FAFSA delay means students will struggle to commit to colleges by May 1

The timeline for colleges and students to make financial-aid decisions will likely be crunched significantly this year after a bumpy roll out of the new Free Application for Federal Student Aid (FAFSA) form.

The U.S. Department of Education said Tuesday that it would be transmitting families’ financial-aid data to colleges in the first half of March. The information is crucial to colleges’ ability to determine how much aid students will receive. Previously, the agency had said the data would be available to schools in the last week of January. 

Even under that late-January timeline, college counselors and others were concerned students and families would be rushed into making their college decisions. Typically, schools ask students to commit to a school by May 1, but the rollout of the FAFSA form could push them to extend that deadline.

“We think that institutions may decide to give students and families more time and more flexibility to make these decisions, and we certainly support them taking a look at what they can do there,” a senior Department of Education official said on a call with reporters. 

The delay is the latest glitch in the rollout of the new FAFSA form. The document is critical for students, families and colleges when it comes to determining financial aid. Students use the form to apply for federal student loans and Pell grants, the money the government awards to low-income students to attend college. Colleges, states and other organizations use the data in the form to decide how much of their own aid to provide.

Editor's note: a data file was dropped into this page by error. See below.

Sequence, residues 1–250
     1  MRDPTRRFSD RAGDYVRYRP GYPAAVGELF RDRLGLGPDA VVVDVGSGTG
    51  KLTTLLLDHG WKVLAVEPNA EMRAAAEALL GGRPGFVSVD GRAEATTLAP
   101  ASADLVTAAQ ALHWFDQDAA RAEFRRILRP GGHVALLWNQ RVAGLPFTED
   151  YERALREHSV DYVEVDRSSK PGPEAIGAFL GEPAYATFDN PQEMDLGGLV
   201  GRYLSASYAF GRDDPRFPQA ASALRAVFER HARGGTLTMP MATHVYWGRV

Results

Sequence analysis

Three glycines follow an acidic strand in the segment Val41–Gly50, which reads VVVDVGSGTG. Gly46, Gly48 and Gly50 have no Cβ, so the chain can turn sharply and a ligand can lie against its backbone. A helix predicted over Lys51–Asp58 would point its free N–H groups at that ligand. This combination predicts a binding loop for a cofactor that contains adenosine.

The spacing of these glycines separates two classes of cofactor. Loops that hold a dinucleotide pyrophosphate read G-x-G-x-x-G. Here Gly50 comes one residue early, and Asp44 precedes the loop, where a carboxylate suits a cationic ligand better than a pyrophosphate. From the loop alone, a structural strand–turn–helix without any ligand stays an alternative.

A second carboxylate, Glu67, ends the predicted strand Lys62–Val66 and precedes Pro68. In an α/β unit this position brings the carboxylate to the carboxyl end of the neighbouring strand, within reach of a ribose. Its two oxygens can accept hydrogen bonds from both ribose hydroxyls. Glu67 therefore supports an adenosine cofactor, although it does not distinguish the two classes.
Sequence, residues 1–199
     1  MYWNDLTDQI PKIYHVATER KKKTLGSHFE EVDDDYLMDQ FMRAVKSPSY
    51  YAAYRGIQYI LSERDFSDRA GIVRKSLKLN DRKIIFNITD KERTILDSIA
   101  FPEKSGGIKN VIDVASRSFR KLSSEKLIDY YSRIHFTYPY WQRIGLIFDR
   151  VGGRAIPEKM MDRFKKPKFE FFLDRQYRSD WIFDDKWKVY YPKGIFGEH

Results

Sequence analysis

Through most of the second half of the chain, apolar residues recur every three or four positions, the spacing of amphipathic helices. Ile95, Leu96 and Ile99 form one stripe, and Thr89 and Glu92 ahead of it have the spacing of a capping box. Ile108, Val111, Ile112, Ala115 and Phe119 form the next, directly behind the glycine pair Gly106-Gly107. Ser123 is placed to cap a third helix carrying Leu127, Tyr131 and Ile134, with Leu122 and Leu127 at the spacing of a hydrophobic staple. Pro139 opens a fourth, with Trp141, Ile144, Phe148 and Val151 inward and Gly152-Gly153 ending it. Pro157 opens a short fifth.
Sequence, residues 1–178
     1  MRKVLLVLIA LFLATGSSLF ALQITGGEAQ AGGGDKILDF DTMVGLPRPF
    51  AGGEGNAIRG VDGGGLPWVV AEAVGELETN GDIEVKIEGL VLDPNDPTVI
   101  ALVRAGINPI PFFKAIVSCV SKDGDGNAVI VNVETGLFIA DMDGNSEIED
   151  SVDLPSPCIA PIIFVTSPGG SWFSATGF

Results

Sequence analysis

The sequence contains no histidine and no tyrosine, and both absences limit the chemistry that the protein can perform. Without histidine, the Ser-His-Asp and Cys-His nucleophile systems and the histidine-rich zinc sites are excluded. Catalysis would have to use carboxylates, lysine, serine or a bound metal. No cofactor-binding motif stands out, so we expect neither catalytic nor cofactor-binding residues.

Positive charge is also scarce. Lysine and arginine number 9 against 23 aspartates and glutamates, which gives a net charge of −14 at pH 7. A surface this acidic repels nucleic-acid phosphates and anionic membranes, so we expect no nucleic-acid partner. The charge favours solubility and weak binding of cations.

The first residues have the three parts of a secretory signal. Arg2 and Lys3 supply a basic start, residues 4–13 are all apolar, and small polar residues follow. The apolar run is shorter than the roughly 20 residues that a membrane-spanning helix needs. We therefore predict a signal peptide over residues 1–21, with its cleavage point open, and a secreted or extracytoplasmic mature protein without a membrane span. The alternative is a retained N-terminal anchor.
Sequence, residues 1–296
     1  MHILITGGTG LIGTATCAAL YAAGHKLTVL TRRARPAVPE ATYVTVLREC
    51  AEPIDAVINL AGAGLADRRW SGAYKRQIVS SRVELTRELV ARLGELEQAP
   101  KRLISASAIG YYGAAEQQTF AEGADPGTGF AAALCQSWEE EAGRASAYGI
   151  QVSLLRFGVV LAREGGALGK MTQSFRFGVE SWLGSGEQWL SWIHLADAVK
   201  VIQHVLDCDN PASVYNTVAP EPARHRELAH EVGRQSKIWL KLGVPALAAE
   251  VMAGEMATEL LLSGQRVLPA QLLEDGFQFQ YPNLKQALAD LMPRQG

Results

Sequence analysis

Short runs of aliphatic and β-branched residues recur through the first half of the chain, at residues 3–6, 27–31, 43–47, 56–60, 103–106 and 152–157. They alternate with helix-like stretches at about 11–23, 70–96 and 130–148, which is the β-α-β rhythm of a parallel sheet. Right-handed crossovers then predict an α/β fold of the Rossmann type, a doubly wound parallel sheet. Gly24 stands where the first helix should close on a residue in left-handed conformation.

The Department was mandated by Congress to launch the new FAFSA by the end of last year. The effort involved both an overhaul to the document itself and underlying formula used to determine aid eligibility. Students and families struggled to regularly access the form for roughly a week after it first went live. 

The delay in transmitting the FAFSA data is in part the result of a change that will ultimately boost the amount of aid students are eligible for. As part of the FAFSA overhaul, the Department was required to increase the level of income a student family could earn annually and still qualify for the maximum amount of aid. The Department also had to account for inflation when making this change. In the initial rollout of the new FAFSA, the Department didn’t update the amount protected to account for record high inflation in recent years. 

Now, the Department is implementing that change, which will ultimately result in $1.8 billion more in aid for students and about 1.3 million more students receiving Pell grants. But the adjustment is part of what is crunching the timeline for students and families to make decisions this year. 

And the shortened timeline is likely to hit the low-income students who could benefit most from the additional funding hardest. Faith Sandler, the executive director of the Scholarship Foundation of St. Louis, which funds and works with low-income college students and applicants, said her organization preaches to families not to commit to a school until they know where every dollar they’ll use to attend is coming from. 

The delay in receiving financial-aid offers will delay these students’ ability to commit to a school, she said. “It’s not as though there’s any educational move they can make independently of aid.” 

In addition, organizations like hers, which promise to meet any need unmet by colleges, and federal and state governments, won’t be able to award their funding before initial bills are typically due, Sandler said.  

“It would be unconscionable this year for anyone to have May 1 be a decision day for any student that doesn’t have full pay potential,” she said. 

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